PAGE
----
[0100] (vii) With Respect to Compressing Data with Low Hit Probability (See FIG. 4)

[0101] In FIG. 4, data at some addresses of areas 2 surrounded by broken lines is accessed infrequently for a period of time and then accessed frequently after that period. Data in these areas is stored in a compressed state during the period of infrequent access and the data is decompressed and stored in the segment buffer 2 during the periods of frequent access, thereby increasing the storage capacity of the segment buffer 2.

[0102] A method compressing all the data on the segment buffer 2 and decompressing it before transferring it to the host 15 is capable. However, this method needs time for decompression, resulting in a delayed response from the disk. The host computer 15 issues the commands with interval about several 10 microseconds to 100 microseconds. According to this embodiment, data with high hit probability is compressed and decompressed during this interval and the host computer 15 responds at conventional speed.

[0103] 4. Explanation about Execution of a Read Command Issued by the Host Computer

[0104]FIG. 5 shows a flowchart A of read command processing and FIG. 6 shows a flowchart B of read command processing. The execution of a read command issued by the host computer is explained referring to FIGS. 5 and 6. S1 to S13 represent processing steps.

[0105] When a read command is issued by the host computer 15 to the storage unit 1 (S1), the management section 11 of the storage unit 1 judges whether hit data is present in the segment buffer 2 (S2). If hit data is found in the segment buffer 2, the management section 11 transfers the data in the segment buffer 2 to the host computer 15 (S9). If no hit data is found in the segment buffer 2, the management section 11 judges whether free space is available in the segment buffer 2 (S3).

[0106] As a result, if free space is not available in the segment buffer 2, the management section 11 purges an unnecessary portion from each segment according to distances between commands (S4) and judges again whether free space is available in the segment buffer 2 (S5). If free space is not available in the segment buffer 2, the oldest segment is selected as a purge candidate (S6) and the purged-segment feature value looking up section 4 judges whether the oldest segment has any feature value which indicates a high hit probability after the purge (S7).

[0107] As a result, if it is judged that the oldest segment has a feature value which indicates a high hit probability after the purge, the second oldest segment is selected as a purge candidate (S8) and the flow goes to Step S7. If it is judged in Step S7 that the oldest segment has no feature value which indicates high hit probability after the purge, the management section 11 purges this segment (S13) and the flow goes to Step S5.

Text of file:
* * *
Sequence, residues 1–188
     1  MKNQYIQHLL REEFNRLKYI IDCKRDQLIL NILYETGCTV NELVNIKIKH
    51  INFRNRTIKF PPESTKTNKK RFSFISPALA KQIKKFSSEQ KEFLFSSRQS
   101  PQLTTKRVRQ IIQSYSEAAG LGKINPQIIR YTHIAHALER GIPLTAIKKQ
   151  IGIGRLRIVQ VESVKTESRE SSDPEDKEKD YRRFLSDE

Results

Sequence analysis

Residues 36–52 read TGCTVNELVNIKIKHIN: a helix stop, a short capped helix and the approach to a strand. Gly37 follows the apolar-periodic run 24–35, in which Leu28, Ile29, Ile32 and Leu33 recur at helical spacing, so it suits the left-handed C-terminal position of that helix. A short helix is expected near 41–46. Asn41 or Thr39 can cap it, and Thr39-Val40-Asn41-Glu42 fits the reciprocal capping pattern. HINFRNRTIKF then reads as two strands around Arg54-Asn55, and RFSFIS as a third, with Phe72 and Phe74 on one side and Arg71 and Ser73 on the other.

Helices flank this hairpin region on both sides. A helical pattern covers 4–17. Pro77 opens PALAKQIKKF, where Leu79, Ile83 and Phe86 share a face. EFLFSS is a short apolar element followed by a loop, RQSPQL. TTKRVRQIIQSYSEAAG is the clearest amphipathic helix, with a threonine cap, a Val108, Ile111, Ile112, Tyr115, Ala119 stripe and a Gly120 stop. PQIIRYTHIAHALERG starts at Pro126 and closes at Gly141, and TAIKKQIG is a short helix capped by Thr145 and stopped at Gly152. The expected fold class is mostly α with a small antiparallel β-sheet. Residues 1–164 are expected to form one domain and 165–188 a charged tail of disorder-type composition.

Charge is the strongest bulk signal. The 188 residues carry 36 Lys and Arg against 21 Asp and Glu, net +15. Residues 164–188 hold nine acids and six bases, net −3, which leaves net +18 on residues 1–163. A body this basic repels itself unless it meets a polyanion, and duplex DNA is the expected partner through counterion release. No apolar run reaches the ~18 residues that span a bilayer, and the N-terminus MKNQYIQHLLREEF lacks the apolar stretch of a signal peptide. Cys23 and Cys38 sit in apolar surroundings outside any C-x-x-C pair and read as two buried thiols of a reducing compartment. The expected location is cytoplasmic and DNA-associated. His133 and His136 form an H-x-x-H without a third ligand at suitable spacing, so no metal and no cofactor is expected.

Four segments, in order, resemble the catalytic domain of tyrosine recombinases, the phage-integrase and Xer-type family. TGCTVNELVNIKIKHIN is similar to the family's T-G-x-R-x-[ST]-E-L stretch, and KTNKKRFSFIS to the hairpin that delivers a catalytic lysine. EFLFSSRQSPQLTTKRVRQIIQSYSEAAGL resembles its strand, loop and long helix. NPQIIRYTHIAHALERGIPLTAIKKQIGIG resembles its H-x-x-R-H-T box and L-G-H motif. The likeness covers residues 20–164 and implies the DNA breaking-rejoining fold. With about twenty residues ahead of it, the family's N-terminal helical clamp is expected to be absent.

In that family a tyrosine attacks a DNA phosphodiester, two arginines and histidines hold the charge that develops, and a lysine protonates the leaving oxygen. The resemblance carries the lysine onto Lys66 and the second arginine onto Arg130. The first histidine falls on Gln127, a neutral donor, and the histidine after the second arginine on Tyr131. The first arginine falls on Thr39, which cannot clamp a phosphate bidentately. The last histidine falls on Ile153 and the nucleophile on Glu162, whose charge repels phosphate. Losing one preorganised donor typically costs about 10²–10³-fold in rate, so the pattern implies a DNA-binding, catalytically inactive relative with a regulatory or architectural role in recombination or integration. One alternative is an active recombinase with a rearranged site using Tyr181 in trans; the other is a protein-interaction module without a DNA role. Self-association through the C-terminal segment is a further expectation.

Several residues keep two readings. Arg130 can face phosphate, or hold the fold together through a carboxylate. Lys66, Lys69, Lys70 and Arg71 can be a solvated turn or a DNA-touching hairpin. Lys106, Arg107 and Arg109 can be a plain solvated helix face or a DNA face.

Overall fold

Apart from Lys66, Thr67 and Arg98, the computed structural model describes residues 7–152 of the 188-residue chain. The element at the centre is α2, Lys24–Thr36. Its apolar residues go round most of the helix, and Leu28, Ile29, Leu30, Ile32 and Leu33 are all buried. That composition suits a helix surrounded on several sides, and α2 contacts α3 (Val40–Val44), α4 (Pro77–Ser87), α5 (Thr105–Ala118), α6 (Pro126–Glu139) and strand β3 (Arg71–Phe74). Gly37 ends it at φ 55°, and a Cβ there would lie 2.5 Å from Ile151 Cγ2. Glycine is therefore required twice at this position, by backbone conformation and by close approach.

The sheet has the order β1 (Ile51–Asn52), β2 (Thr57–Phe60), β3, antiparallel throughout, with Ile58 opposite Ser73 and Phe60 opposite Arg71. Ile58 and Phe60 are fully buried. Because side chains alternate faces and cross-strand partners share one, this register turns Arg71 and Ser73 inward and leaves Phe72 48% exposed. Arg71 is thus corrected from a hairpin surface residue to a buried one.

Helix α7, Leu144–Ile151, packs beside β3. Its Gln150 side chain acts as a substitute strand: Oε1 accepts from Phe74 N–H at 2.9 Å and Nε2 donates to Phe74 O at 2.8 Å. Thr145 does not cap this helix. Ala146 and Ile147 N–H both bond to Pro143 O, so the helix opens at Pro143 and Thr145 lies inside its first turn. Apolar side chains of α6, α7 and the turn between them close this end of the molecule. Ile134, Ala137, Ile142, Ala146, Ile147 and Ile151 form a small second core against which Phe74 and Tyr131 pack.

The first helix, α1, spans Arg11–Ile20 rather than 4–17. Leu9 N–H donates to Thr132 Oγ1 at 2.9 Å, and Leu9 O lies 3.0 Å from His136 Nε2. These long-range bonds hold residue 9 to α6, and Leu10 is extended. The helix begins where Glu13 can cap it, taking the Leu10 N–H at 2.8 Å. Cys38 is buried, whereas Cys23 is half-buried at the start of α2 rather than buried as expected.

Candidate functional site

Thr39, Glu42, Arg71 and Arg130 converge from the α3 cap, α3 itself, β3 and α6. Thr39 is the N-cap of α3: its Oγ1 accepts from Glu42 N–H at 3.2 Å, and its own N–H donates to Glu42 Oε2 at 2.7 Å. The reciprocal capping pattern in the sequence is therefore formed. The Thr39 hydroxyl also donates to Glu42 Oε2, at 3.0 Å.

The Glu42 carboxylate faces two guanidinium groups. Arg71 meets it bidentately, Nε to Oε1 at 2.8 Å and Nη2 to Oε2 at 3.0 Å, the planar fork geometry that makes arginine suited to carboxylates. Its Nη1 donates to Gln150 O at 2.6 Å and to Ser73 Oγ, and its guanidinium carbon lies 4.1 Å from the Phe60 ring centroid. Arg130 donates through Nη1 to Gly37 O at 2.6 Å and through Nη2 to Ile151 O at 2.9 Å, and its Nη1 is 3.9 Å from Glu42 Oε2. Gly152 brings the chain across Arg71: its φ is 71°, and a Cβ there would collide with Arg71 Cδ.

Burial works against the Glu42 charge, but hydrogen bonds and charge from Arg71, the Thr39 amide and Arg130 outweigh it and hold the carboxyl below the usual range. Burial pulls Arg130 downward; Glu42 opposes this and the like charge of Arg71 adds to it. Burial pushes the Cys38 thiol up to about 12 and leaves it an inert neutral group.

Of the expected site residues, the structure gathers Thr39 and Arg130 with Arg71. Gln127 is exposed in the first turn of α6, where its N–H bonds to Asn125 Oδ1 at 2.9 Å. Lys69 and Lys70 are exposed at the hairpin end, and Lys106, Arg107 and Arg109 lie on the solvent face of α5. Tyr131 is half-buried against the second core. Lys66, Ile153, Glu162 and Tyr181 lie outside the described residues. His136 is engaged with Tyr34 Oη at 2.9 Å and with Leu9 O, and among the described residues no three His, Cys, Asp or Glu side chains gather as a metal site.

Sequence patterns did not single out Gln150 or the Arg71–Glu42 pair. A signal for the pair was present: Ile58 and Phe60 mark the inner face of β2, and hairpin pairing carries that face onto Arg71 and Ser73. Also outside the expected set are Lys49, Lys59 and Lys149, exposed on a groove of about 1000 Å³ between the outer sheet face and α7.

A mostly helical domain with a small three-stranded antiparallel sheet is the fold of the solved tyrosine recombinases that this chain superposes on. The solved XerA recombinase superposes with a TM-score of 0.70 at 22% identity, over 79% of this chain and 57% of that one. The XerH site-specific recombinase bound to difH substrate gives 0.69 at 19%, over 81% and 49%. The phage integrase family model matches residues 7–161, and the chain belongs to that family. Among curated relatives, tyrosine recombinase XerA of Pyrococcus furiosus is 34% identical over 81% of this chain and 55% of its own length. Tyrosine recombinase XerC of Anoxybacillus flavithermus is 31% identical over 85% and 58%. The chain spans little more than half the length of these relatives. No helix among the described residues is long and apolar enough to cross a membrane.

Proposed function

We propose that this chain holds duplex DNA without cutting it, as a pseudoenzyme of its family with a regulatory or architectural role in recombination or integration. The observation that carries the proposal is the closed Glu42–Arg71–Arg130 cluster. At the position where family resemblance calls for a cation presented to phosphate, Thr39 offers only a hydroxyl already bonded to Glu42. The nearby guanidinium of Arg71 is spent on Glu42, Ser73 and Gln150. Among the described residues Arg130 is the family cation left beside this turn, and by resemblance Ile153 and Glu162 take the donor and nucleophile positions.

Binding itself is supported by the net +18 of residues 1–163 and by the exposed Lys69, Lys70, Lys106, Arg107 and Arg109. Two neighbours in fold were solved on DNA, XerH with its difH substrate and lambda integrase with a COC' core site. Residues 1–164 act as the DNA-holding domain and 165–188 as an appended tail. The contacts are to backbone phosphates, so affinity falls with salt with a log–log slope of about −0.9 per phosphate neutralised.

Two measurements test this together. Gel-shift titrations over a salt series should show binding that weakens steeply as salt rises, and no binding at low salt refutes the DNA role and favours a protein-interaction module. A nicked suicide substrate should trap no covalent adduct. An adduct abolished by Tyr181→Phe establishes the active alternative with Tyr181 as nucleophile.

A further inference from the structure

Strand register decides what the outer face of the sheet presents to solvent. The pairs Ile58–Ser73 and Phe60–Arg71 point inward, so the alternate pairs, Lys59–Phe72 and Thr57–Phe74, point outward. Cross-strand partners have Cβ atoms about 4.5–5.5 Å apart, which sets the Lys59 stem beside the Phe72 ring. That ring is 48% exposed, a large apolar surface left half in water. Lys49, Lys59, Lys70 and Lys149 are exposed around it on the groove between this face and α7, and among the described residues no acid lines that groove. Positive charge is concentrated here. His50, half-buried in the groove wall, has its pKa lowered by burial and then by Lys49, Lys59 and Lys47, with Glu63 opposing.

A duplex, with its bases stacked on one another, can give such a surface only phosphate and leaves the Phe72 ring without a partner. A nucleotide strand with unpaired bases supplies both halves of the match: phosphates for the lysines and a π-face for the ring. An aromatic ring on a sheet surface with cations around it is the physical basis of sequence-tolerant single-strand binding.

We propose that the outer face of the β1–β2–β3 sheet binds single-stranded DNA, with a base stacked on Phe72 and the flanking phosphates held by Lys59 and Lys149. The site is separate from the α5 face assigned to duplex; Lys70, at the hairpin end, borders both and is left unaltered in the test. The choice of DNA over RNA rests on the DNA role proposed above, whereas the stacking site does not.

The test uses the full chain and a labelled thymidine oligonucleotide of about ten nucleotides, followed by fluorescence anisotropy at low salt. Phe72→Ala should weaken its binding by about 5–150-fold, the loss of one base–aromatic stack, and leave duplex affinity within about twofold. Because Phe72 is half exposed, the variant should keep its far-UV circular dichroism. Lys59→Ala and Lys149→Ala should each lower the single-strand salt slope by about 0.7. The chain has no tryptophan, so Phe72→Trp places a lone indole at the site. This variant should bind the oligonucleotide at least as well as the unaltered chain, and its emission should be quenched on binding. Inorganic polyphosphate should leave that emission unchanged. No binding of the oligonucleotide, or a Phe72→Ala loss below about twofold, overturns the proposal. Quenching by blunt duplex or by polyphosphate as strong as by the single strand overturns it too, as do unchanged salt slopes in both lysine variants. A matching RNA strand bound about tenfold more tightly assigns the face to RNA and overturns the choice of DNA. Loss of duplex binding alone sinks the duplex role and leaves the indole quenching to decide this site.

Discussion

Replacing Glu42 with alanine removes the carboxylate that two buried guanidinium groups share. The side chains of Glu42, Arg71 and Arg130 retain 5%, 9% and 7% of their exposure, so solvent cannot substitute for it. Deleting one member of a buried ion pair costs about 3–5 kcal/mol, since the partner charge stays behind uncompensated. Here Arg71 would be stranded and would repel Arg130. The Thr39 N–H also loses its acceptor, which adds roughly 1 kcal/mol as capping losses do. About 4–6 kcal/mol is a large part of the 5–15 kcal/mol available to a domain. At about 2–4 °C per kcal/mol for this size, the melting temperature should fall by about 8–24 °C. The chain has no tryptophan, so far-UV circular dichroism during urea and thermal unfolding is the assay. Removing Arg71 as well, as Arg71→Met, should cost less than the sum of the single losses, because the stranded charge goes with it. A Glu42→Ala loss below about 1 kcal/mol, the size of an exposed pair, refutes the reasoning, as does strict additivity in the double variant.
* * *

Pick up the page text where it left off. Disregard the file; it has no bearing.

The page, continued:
[0108] If it is judged in Step S3 that free space is available in the segment buffer 2, the management section 11 stores the command data in a segment (S10) and transfers the requested data to the host computer 15 (S11). Then, the access data feature value calculating section 7 calculates the feature values of the read command and data corresponding to the read command (S12).

[0109] The many features and advantages of the present invention are apparent from the detailed specification and, thus, it is intended by the appended claims to cover all such features and advantages of the invention which fall within the true spirit and scope of the invention. Further, since numerous modification and changes will readily occur to those skilled in the art, it is not desired to limit the invention to the exact construction and operation illustrated and described, and accordingly all suitable modification and equivalents falling within the scope of the invention may be included in the present invention.

Referenced by
Citing PatentFiling datePublication dateApplicantTitle
US6965965 *Jun 6, 2002Nov 15, 2005International Business Machines CorporationDynamic response shaping for command aging
US7231495 *Aug 29, 2003Jun 12, 2007Hitachi Global Storage Technologies Netherlands B.V.Speculative data streaming disk drive and system
US7346740 *Jun 23, 2003Mar 18, 2008Seagate Technology LlcTransferring speculative data in lieu of requested data in a data transfer operation
US8032723Apr 13, 2010Oct 4, 2011Microsoft CorporationMethods and mechanisms for proactive memory management
US8380948 *Sep 4, 2008Feb 19, 2013Apple Inc.Managing purgeable memory objects using purge groups
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Classifications
U.S. Classification711/113, 711/E12.057, 711/E12.076, 711/137, 711/133
International ClassificationG06F12/12, G06F12/08, G06F3/06
Cooperative ClassificationG06F12/0862, G06F12/0866, G06F12/127, G06F2212/6024
European ClassificationG06F12/12B6B, G06F12/08B8